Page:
Legal high deaths increase 400%

Legal highs are readily available over the counter. Picture: Greg Macvean
Legal highs are readily available over the counter. Picture: Greg Macvean
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A MAJOR study of legal highs has been launched following a 400 per cent rise in deaths in Scotland.

Experts fear they are “threatening to overwhelm our attempts at tackling drugs misuse”. Professor Neil McKeganey, director of the Centre for Drug Misuse Research, said there are now so many available it is like a “sweet shop” for users.

The survey is an admission that experts have a poor grasp of the use and views of legal highs in the UK. And with 47 Scottish deaths in 2012, compared to 12 in 2010, concern is growing. In England, deaths rose 600 per cent between 2009 and 2012.

Professor McKeganey said: “The new psychoactive drugs are threatening to overwhelm our attempts at tackling drugs misuse in the UK. Enforcement agencies are hampered to the extent that many of these drugs remain outside the realm of the Misuse of Drugs Act.

“Similarly, our drug treatment system remains focused on meeting the needs of opiate addicts rather than those using these new drugs. Those working in the realm of drug prevention widely acknowledge that they simply do not know enough about these new drugs or their effects to mount targeted prevention campaigns.

“There is now an urgent need to gather up-to-date information on what drugs are being used, how widely, by who and with what effects. The survey is the first attempt to get that information from across the UK.”

Dr Christopher Russell, who designed the online survey, said: “The survey gives people in the UK their first opportunity to share their views and experiences of legal highs in a secure, confidential, anonymous, non-judgemental online survey.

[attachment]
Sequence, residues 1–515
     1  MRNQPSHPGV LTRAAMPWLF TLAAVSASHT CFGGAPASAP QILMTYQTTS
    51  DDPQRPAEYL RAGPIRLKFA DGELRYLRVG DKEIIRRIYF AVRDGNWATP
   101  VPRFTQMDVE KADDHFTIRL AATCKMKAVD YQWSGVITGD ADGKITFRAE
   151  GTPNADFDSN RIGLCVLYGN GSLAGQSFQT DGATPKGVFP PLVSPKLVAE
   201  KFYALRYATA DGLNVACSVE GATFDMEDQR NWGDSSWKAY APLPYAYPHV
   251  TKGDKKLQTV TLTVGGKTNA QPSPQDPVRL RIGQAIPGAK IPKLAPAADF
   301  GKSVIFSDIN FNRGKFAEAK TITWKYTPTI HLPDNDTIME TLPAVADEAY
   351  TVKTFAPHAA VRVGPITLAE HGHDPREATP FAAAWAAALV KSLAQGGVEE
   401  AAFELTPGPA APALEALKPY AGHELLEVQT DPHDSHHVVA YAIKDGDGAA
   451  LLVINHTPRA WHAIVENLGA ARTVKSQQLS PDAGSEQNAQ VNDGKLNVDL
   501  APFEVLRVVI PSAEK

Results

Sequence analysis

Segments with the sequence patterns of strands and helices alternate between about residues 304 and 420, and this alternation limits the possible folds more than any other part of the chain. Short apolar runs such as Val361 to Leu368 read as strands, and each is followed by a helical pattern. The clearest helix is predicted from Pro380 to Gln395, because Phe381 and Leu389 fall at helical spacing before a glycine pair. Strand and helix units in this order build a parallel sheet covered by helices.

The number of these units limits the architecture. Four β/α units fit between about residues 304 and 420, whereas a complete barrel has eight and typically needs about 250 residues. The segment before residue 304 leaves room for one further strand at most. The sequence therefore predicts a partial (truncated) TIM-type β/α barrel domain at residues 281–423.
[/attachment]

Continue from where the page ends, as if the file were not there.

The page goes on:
“People can take the survey in their own time, wherever and whenever they like in the knowledge that their experience will contribute to fashioning an effective response to this new and dangerous form of drug use.”

Both the UK government, which reserves power over drugs classification, and the Scottish Government are committed to tackling legal highs. However, as soon as a drug is criminalised it is replaced by a new one.

David Liddell, director of the Scottish Drugs Forum, said: “Most are made in China. They’re continually changing the molecular structure to get around the bans and I’m sure they are two or three steps ahead of where we are.” Mr Liddell wants law enforcement agencies to target the producers, but this will require international co-operation.

Prof McKeganey believes government should look at banning a whole category of drugs. “Names become meaningless, they tell you nothing about what is in the drug and change on a daily basis. It’s like a sweet shop,” he said. “Legislating against individual substances does not work. One alternative the US is pursuing is legislation where you ban a class of drug.”

Community safety minister Roseanna Cunningham said: “While banning new psychoactive substances is a matter for Westminster, we are determined to do everything in our power to restrict access to these drugs while educating people about the dangers of using them.”